Sex Sells ~ Abercrombie and Fitch

First off, this isn’t anything new. It’s not like Abercrombie and Fitch suddenly decided to quit making XXL clothing because they didn’t want to have fat people reppin’ their brand. They’ve been that way forever. Interestingly the people most up in arms about this seem to be the target market. The rich 18-22 year olds that are at preppy pretentious colleges. So the pretty people will boycott the brand, good for them, because the rest of us always gave it a pass.

Frequently, marketing is based on making something feel exclusive whether it is or not. You buy a brand to participate in the dream, whatever that dream may be, and sex sells. What they’re hawking is sex appeal, no more and no less – buff bodies sell period. The hit song “Call Me Maybe” uses Abercrombie models in Munich in a dance sequence in the video, did that make it go viral? No, but I bet it helped.

When I read about the exclusion of XXL my reaction was, wow, what brilliant marketing. It makes the skinny people feel special, and the fat ones feel excluded and want to be in with the in crowd – just like high school cafeteria. Have you seen Mike Jefferies? He’s botoxed and facelifted and it shows. The CEO of the fabulous tee-shirts for teens is using mean girl exclusionary tactics. Brilliant and despicable. What’s the big deal? In a Salon interview in 2006, Mike Jefferies, the CEO said the would never market to the women’s plus size market. “We want to market to cool, good looking people. We don’t want to market to anyone other than that.”

So he admitted his marketing strategy. That was in 2006 people, this isn’t news. Frankly, I’ve always thought of Abercrombie and Fitch as being somewhat generic, but then I’ve never set foot in one of their stores, or paid any serious attention to the brand, so I’m probably not the best judge. I could do it, but I just don’t have the lack of ethics required to pay seventy bucks for a tee-shirt where they pay maybe a tenth at best to manufacture the garment.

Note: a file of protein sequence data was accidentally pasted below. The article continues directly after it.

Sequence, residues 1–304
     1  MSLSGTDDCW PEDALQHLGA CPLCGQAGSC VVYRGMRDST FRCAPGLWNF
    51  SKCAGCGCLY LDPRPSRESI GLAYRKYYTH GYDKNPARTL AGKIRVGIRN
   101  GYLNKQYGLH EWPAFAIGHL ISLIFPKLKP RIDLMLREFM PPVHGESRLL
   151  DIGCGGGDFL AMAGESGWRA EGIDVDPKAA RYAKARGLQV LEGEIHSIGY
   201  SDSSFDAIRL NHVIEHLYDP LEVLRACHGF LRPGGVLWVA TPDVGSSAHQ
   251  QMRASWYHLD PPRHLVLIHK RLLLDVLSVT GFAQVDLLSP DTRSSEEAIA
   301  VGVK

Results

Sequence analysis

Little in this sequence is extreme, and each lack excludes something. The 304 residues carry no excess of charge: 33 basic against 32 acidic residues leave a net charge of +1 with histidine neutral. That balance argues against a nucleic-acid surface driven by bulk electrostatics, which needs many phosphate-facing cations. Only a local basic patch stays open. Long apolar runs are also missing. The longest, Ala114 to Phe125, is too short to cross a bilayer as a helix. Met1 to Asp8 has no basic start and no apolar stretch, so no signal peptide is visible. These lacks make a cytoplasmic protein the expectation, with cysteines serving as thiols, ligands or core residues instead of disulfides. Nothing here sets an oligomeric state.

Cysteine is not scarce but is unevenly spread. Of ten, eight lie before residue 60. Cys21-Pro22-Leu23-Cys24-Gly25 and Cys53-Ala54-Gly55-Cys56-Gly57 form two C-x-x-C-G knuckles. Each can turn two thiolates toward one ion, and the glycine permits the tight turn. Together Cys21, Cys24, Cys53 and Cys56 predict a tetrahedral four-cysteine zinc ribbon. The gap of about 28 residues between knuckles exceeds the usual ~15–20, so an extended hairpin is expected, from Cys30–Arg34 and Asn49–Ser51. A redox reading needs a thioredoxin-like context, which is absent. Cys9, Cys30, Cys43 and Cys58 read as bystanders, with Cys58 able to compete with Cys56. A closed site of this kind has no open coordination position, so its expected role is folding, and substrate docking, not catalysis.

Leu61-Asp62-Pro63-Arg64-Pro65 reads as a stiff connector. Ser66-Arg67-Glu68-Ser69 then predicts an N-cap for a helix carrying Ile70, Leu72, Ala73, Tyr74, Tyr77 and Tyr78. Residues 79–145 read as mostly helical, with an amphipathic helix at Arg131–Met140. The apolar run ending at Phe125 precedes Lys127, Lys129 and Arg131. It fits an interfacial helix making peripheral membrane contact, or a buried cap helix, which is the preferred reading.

In 2010, Abercrombie and Fitch’s factory in the Philippines essentially shut down when the workers tried to unionize. As a company policy, they hire their retail floor salespeople shamelessly on looks as well as sales skill for the retail stores, and as an example their attitude on dress policy, a Muslim woman was fired for refusing to remove her head scarf at work. So, the company has more marks against it than just the XXL thing.

So, whatever – this just isn’t exactly news. If you want to do the right thing, research the brand you’re supporting and make sure your money is being well spent. We can do that now. We have the interwebs. Power to the people. Peace – out.

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